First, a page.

Impact of Cultivation and Origin on the Fruit Microbiome of Apples and Blueberries and Implications for the Exposome

Wisnu Adi Wicaksono*, Aisa Buko, Peter Kusstatscher, Tomislav Cernava, Aki Sinkkonen, Olli H. Laitinen, Suvi M. Virtanen, Heikki Hyöty, Gabriele Berg

*Corresponding author for this work

Research output: Contribution to journalArticlepeer-review


Vegetables and fruits are a crucial part of the planetary health diet, directly affecting human health and the gut microbiome. The objective of our study was to understand the variability of the fruit (apple and blueberry) microbiome in the frame of the exposome concept. The study covered two fruit-bearing woody species, apple and blueberry, two countries of origin (Austria and Finland), and two fruit production methods (naturally grown and horticultural). Microbial abundance, diversity, and community structures were significantly different for apples and blueberries and strongly influenced by the growing system (naturally grown or horticultural) and country of origin (Austria or Finland). Our results indicated that bacterial communities are more responsive towards these factors than fungal communities. We found that fruits grown in the wild and within home gardens generally carry a higher microbial diversity, while commercial horticulture homogenized the microbiome independent of the country of origin. This can be explained by horticultural management, including pesticide use and post-harvest treatments. Specific taxonomic indicators were identified for each group, i.e., for horticultural apples: Pseudomonas, Ralstonia, and Stenotrophomonas. Interestingly, Ralstonia was also found to be enriched in horticultural blueberries in comparison to such that were home and wildly grown. Our study showed that the origin of fruits can strongly influence the diversity and composition of their microbiome, which means that we are exposed to different microorganisms by eating fruits from different origins. Thus, the fruit microbiome needs to be considered an important but relatively unexplored external exposomic factor.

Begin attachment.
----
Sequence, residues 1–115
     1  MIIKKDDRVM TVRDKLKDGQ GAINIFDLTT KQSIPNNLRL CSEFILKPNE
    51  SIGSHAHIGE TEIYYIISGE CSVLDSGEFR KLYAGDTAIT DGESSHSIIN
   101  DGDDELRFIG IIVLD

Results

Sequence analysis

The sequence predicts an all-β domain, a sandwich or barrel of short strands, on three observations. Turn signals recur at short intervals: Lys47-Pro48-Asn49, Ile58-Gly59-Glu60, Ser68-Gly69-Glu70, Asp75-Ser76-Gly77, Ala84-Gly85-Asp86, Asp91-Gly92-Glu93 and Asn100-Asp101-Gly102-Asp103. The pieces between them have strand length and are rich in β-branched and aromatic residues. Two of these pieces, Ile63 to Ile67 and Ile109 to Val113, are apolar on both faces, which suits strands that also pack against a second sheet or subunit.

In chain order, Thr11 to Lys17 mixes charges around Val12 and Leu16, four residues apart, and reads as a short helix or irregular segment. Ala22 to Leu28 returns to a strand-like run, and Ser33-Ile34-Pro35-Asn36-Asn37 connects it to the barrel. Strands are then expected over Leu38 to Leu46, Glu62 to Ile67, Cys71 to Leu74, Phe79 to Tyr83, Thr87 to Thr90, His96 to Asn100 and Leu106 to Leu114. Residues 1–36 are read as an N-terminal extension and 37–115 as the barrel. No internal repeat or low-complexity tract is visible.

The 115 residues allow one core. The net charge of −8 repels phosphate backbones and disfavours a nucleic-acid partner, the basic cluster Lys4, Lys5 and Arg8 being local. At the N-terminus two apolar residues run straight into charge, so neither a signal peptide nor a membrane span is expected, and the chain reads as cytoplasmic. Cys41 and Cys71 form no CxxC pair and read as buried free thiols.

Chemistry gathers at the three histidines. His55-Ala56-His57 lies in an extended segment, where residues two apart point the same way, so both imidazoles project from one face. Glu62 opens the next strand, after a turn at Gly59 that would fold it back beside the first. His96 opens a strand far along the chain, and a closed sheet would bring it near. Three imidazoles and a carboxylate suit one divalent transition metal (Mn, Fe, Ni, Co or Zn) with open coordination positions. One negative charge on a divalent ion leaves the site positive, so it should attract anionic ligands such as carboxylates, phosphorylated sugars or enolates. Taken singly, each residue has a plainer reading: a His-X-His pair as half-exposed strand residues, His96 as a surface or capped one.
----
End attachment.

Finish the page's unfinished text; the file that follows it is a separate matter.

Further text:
Original languageEnglish
JournalMicrobial Ecology
Publication statusE-pub ahead of print - 2022


  • Amplicon sequencing
  • Apple
  • Blueberry
  • Commercial horticulture
  • Fruit microbiome
  • Growing system
  • Naturally grown

ASJC Scopus subject areas

  • Ecology, Evolution, Behavior and Systematics
  • Ecology
  • Soil Science


Dive into the research topics of 'Impact of Cultivation and Origin on the Fruit Microbiome of Apples and Blueberries and Implications for the Exposome'. Together they form a unique fingerprint.

Cite this